“Educomunicación”: The Media Education (and literacy) Approach from Latin America

For several years I was unaware of “educomunicación” (in Spanish), a rich tradition and diverse movement of media literacy education that originated in Latin America in the 20th century and that continues to resonate today through the projects of many grassroots communities, social organizations, and the work of researchers and media educators (“educomunicadores“) in countries like Colombia, Argentina, Brasil, and Mexico. Recently, I published an article about this Latin American tradition and movement in the Flow Journal, and made a call to recognize this Global South approach to media literacy education and to move towards an ecology of media literacy knowledges and practices that avoids universalism. In this entry I would like to extend this discussion providing more context and sharing some references to key educomunicación works.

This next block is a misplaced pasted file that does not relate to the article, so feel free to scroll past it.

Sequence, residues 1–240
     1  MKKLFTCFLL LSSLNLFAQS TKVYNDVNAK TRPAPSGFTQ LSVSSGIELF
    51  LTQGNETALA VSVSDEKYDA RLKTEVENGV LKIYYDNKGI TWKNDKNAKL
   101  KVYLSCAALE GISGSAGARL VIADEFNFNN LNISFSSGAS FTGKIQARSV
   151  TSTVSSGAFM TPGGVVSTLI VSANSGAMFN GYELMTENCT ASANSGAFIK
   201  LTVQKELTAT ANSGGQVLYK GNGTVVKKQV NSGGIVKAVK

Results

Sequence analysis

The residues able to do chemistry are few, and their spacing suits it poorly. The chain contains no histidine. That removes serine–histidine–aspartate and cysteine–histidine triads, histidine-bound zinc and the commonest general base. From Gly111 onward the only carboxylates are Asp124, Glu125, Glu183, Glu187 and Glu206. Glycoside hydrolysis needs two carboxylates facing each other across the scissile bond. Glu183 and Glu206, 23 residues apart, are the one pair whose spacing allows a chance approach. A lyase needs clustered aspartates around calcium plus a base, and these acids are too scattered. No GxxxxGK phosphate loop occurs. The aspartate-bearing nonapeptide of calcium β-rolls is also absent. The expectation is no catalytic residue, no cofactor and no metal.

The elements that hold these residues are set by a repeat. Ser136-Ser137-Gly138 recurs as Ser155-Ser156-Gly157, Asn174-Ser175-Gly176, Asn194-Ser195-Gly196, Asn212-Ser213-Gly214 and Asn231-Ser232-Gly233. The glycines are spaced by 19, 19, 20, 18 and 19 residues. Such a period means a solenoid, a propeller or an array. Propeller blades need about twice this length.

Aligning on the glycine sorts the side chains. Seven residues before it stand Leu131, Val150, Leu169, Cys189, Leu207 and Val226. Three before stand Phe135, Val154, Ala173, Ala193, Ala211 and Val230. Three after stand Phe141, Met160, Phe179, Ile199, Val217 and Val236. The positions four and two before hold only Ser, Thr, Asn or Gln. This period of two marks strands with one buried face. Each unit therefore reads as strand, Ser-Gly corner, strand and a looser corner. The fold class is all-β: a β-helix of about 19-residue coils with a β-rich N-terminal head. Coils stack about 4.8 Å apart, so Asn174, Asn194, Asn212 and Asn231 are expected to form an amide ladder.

While I was growing up in Bogotá in the 80s I never heard about “media education” and “media literacy” at primary and secondary school. I learned about these fields of knowledge and practice at university while I was trying to understand the relation of media technologies with ideology, democracy, and the socialization process of young people. I encountered these terms in English language while reading the works of media and communication scholars such as Marshal McLuhan, Sonia Livingstone, David Buckingham, Neil Postman and Henry Jenkins. Later, while I pursued postgraduate studies in the U.S., I took deep dives in the fields of media literacy and media education through workshops, seminars, conferences, and my doctoral comprehensive exams. One of the objectives of my dissertation was precisely to understand the new media literacy skills developed by a group of Latino/Hispanic immigrant youth and how these abilities supported their assimilation to the new country. Moreover, during grad school and postdoctoral work I had the opportunity to work in initiatives like the Project New Media Literacies, the Connected Learning Research Network, and BKC’s Youth and Media where I not only researched how youth acquired media literacy skills, but also designed learning resources for supporting media education and the development of media literacies. Although I gained ample experience and knowledge on these fields –and I am grateful for the inspiring and generous mentors and colleagues I had for more than a decade–, my approach to media education and literacy was quite biased towards Global North scholarship and the anglo-centric media literacy tradition.